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I was so proud of this first object as well as the data it supported. The chart was a winner. All was going so well until we walked through creating a donation record.

“So, we will have to choose the program every time?”

“If an individual makes multiple donations at one time, you mean we have to create a new record for each?”

“Why doesn’t the donation date default to today?”

“There are too many things to fill out. Our volunteers will not be able to do this.”

“How do we select the right account or household?”

“This is too much work!”

Well, that hurt. Undaunted, I facilitated quite a few discussions on this topic, even getting back to anonymous donors.

I am going to cheat a little bit and present things out of order for the sake of brevity. It was at this point that I should have pulled in the volunteer coordinator. That was a big mistake. Instead, we created a second object, discussed later, to allow for multiple donation entries on one screen. Whether we will eventually use it is questionable at this point, for one simple reason.

You Can Lead a Horse to Water …

The volunteer coordinator knows her volunteers. She knows the turnover. She knows the chaos in receiving, the training, the capabilities, the breaking points. After several intense discussions, it was clear that there was simply no way the volunteers would be able to interact with a computer in the heat of battle. No negotiations.

This was a surprise to all of us. We never even thought to ask the question. This was all about automation, right? Nope. It’s about data. We need the data, and we need to get it into the system in the simplest possible manner. Those of us who live and breathe technology have a deep disdain for paper and writing implements. But that’s a very narrow viewpoint.

At this point, the plan is to keep the existing log sheet, and attempt to coax the volunteers into at least looking up a donor by phone number, and if it is not there, kindly requesting at minimum a name, phone number and email address so that we can have some method to identify and communicate with the individual.

The log will then be processed by other volunteers, away from the chaos, and these volunteers can input the data into Salesforce. Yes, it is double entry, but perhaps the most efficient process.

This was a very important and hard lesson. The capabilities of the volunteers must be factored into any decision very early in the process. We haven’t made that mistake again – it is a topic that comes up regularly in design discussions.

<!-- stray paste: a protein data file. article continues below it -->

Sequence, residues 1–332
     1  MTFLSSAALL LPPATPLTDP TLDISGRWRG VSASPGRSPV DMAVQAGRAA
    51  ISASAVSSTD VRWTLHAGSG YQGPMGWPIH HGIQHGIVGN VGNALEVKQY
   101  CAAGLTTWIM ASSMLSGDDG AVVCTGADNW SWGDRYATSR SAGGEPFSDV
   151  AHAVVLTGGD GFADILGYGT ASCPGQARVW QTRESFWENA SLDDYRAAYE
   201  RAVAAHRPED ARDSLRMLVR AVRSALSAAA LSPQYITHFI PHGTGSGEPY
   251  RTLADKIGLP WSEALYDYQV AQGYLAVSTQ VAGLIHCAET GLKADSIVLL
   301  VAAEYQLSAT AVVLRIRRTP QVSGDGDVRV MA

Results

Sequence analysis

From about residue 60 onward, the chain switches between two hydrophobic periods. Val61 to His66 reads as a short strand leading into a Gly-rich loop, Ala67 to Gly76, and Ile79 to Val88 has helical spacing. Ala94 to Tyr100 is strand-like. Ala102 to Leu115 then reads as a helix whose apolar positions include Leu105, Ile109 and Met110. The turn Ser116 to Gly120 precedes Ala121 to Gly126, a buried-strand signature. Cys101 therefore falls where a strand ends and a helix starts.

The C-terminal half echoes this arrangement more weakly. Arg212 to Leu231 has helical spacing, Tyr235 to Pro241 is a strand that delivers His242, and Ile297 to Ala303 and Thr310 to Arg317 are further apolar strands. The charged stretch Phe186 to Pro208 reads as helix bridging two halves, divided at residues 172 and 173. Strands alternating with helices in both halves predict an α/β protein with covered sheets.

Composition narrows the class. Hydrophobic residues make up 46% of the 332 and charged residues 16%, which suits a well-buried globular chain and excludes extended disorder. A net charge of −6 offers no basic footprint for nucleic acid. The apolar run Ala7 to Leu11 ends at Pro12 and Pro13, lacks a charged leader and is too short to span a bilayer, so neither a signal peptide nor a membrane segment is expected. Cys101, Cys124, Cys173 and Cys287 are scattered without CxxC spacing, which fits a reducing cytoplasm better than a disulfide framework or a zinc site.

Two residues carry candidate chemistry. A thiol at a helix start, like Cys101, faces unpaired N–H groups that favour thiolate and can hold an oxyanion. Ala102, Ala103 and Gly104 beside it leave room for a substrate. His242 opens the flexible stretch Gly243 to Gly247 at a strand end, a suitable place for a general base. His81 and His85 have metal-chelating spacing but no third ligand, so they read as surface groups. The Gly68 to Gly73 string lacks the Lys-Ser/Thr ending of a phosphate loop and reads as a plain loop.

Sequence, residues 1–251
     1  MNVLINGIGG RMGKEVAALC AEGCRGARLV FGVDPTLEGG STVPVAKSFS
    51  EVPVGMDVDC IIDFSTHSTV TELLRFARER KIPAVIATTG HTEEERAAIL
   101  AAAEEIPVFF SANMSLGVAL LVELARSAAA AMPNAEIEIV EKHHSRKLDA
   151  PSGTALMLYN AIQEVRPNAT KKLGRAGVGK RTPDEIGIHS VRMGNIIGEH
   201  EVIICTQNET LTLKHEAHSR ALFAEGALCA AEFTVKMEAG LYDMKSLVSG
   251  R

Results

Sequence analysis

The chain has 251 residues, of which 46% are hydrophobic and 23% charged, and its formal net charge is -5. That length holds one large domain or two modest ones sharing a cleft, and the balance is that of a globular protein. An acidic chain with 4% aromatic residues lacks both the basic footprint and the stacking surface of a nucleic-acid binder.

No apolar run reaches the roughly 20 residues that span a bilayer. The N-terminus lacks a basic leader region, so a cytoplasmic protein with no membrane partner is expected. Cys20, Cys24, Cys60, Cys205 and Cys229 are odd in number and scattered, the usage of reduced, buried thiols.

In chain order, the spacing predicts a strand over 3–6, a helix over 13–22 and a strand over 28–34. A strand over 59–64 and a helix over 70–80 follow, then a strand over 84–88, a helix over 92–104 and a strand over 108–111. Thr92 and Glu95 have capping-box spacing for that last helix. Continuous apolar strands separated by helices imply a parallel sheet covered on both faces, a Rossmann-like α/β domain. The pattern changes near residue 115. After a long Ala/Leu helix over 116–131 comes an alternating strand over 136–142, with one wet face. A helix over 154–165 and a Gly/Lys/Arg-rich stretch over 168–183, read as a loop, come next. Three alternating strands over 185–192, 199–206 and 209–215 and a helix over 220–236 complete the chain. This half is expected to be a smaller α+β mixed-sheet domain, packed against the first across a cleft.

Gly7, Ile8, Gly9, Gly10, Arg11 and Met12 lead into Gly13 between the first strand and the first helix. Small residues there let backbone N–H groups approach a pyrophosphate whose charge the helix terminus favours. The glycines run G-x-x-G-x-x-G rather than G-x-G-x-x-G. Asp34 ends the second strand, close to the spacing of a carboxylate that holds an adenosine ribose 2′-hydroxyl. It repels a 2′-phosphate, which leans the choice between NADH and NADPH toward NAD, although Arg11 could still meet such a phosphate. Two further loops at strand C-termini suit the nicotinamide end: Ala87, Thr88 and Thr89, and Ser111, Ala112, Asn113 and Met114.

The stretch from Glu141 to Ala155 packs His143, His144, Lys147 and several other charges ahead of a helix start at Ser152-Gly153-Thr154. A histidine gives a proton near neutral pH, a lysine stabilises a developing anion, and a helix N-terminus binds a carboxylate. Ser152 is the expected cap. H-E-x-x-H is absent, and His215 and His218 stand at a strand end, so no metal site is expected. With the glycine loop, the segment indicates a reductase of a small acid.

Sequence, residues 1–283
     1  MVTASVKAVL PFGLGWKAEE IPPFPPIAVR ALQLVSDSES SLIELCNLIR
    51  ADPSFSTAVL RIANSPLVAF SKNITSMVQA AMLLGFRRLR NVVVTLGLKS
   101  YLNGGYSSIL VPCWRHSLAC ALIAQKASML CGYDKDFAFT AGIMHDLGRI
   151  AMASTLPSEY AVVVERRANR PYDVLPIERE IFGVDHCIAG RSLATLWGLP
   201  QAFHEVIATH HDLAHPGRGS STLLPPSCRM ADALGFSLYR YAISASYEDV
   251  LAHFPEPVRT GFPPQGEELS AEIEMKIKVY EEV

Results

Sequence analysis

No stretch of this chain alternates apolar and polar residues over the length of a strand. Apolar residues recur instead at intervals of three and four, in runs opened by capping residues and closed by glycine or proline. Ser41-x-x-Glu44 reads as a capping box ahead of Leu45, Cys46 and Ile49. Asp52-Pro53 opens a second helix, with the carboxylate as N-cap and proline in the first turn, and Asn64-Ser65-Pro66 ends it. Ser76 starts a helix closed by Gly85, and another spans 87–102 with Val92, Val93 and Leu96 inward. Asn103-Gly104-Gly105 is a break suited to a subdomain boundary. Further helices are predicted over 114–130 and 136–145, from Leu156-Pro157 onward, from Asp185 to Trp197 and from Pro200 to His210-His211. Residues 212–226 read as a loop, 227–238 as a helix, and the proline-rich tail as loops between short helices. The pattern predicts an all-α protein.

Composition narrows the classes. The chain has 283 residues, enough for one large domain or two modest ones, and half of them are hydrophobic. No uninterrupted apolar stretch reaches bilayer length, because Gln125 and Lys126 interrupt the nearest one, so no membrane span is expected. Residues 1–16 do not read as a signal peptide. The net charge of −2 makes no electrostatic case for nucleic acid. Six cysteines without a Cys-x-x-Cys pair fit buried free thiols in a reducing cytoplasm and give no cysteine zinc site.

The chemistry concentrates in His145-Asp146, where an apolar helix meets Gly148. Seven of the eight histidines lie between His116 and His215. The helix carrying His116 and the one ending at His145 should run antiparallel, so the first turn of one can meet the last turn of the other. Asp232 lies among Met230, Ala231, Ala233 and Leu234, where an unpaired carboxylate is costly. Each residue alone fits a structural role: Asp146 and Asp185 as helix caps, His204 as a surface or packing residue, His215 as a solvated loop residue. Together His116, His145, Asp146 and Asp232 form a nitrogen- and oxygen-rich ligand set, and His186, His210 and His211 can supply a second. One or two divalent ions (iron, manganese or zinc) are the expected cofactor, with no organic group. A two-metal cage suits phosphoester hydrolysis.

Consolidating Data Entry

Whether or not we decide to use a “multiple donations on one screen” approach, there is still lots to share that may be very applicable in other settings.

Let’s go back to an earlier and important design consideration: in order to keep license costs down, we are focusing on a role-based design which limits any volunteer’s exposure to no more than five or six objects. This keeps us a good distance from the maximum of ten and that leaves a lot of room for growth in the future.

The role that will be using these objects is “Receiving.” To that end, we created a new receiving profile and an app that only exposes the account and contact tabs. The receiving object does not need its own tab because it is a transitory object – it only exists to create the individual donation records. The donation object doesn’t need its own tab either because the receiving volunteers will only need the related list on the household (account).

Even though the tabs are not showing, the receiving profile must have access to the receiving and donations objects as well as any objects associated with these two.

The goal of the transient receiving object is reducing keystrokes. In the event a donor has multiple transactions during the same visit it is (in theory) much easier to create one record, fill in the appropriate data, and have Salesforce turn this into three donation records.

Why did I add “in theory?” Before reading on take a good look at this form. What is your first impression?

Now I consider myself pretty decent at designing a good user experience. But now that I really take a look at this form, knowing all of the automation behind it – and understanding how much data can be “created” with just a few clicks – I am no longer enamored with my work.

There are two obvious reasons for this:

  • It is way too busy
  • It will only save time when there are multiple donations

So how did this monster form get created? The developer side of me got out of control and I completely lost my UX mind.

To save face, there really are some cool things here that might be useful in certain situations. I will share those with you in the next couple of posts.